happiness, gratitude and depression

Study: Gratitude is an Antidepressant

A new study reveals that daily expressions of gratitude can lessen depression and boost happiness, especially in self-critical people.

By Megan Othersen Gorman

Study: Gratitude is an Antidepressant

Small moments of gratitude can have a big impact on our mood.

RODALE NEWS, EMMAUS PA—A new study presented at the annual American Psychological Association meeting this month appears to answer an age-old question unequivocally—especially for people who tend to be self-critical. What makes people happy? Being grateful for the good thing that you have in your life.

THE DETAILS: Researchers at York University in Toronto divided 200 moderately depressed people into two groups. Over the course of seven days, one group listened daily to music designed to boost mood, and the other completed an online “gratitude exercise” every night, in which they were asked to list “five things that happened during the day that [they] were grateful for.” At five different points (start of study, end of study week, and one, three, and six months post-study), the researchers measured the participants’ depressive symptoms, happiness, and satisfaction with life in general. What they found was that both groups were less depressed six months post-study, but the self-critical individuals in the gratitude group reported a greater boost in overall happiness than any of the other participants.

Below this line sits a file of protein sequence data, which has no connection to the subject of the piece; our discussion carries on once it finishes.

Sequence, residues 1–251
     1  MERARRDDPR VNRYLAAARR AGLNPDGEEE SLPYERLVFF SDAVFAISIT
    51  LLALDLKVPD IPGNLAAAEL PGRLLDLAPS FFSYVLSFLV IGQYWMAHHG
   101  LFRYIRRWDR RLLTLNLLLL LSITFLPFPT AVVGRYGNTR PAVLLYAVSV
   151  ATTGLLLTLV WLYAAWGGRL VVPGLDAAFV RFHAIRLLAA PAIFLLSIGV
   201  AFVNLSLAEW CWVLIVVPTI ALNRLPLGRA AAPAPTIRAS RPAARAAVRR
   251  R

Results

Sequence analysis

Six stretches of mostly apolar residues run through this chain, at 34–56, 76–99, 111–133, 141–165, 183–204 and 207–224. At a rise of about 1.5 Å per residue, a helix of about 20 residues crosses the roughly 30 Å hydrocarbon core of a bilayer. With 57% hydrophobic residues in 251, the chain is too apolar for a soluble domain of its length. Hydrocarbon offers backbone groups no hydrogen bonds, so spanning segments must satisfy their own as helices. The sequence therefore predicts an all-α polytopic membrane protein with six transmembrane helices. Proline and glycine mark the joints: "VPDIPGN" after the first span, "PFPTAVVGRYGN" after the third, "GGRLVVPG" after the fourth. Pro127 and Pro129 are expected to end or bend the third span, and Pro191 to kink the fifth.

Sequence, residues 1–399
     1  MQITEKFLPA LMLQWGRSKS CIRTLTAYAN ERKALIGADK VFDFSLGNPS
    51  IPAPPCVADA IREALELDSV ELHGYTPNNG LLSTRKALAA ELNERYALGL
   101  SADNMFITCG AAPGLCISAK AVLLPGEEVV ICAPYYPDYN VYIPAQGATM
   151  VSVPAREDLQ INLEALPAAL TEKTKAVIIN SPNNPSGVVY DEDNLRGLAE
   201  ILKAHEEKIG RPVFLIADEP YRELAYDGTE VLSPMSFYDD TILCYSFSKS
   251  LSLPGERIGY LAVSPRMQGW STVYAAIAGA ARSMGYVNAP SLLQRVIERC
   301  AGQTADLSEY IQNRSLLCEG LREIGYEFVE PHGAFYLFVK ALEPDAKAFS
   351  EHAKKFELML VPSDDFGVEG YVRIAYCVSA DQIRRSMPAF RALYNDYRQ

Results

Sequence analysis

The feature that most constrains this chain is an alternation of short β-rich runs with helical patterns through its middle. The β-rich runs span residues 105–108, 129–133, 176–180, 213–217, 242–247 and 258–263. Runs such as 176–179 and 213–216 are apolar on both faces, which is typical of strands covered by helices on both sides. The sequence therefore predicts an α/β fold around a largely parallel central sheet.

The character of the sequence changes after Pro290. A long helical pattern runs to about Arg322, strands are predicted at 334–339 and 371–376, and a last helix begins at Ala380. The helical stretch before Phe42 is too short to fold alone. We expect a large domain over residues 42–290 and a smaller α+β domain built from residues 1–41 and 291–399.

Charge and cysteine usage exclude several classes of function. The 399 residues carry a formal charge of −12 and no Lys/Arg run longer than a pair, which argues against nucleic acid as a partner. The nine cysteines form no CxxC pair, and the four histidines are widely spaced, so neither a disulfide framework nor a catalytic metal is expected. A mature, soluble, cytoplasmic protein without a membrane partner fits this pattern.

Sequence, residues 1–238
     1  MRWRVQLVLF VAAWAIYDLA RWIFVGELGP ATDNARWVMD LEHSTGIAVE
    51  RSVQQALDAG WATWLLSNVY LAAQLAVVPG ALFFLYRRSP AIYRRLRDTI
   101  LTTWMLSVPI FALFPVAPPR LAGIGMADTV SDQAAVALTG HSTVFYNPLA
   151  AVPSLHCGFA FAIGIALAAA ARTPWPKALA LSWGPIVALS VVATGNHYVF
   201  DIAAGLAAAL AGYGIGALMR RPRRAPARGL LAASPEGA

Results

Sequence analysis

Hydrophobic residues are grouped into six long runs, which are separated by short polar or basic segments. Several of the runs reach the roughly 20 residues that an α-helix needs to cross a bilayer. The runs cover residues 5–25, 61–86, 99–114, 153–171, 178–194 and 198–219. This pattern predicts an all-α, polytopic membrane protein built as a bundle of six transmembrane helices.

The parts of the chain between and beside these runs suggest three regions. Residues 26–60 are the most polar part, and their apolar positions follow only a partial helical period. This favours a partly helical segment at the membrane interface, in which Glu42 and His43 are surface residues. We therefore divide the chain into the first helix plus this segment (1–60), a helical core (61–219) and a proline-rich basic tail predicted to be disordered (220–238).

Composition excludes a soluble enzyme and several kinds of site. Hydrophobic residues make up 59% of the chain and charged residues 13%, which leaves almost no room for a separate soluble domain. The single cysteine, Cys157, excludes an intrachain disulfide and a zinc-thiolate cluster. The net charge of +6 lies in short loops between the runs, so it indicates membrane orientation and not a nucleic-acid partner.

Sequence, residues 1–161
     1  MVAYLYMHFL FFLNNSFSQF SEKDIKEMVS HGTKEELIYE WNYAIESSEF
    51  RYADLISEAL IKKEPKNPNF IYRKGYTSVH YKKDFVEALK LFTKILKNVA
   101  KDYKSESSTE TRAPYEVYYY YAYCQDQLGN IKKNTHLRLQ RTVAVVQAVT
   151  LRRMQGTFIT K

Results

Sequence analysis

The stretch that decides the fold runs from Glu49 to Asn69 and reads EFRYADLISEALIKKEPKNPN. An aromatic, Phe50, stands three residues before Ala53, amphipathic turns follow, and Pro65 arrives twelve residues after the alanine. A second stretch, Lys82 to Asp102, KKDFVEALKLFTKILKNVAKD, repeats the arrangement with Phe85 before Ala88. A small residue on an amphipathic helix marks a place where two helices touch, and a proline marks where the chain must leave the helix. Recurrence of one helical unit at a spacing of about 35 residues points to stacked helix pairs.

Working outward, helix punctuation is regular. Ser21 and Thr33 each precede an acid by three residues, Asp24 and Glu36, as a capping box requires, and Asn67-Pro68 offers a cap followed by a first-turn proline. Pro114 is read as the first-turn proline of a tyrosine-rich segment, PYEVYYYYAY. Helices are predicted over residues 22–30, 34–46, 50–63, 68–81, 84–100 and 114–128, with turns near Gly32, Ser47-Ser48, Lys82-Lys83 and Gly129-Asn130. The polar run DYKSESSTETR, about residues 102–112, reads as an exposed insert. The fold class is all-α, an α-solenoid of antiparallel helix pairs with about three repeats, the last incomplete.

WHAT IT MEANS: Gratitude offers a paradigm shift—a change in perspective when perhaps nothing else has changed. “A sense of gratitude helps you feel positive about the people and things in your life, and about your life in general,” says psychologist Jeffrey Rossman, Ph.D., director of Life Management at Canyon Ranch in Lenox, Massachusetts and a advisor. “When you have positive feelings about your life, you tend to be happier, more energetic, and more productive." To paraphrase the Rolling Stones, says Rossman: “You can’t always get what you want, but you can be grateful for what you have. In fact, being grateful for what you have is one of the keys to being happy and having satisfying relationships.”

If the Stones don't convince you, Rossman suggests taking the advice of a different kind of celebrity. “Albert Einstein said, ‘There are only two ways to live your life: One is as though nothing is a miracle; the other is as though everything is a miracle,’ Rossman continues. “When you appreciate the miracle of your life, you live with a profound sense of gratitude for the gift of life, and that enables you to live a more vital and satisfying life.”

Here’s how to maximize gratitude—and, therefore, happiness—in your own life:


Published on: August 23, 2009

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This is excellent. What we focus on gets stronger. An attitude of gratitude has the power to inspire, to heal, and to bring out the best in ourselves and others. I am grateful that you posted this.

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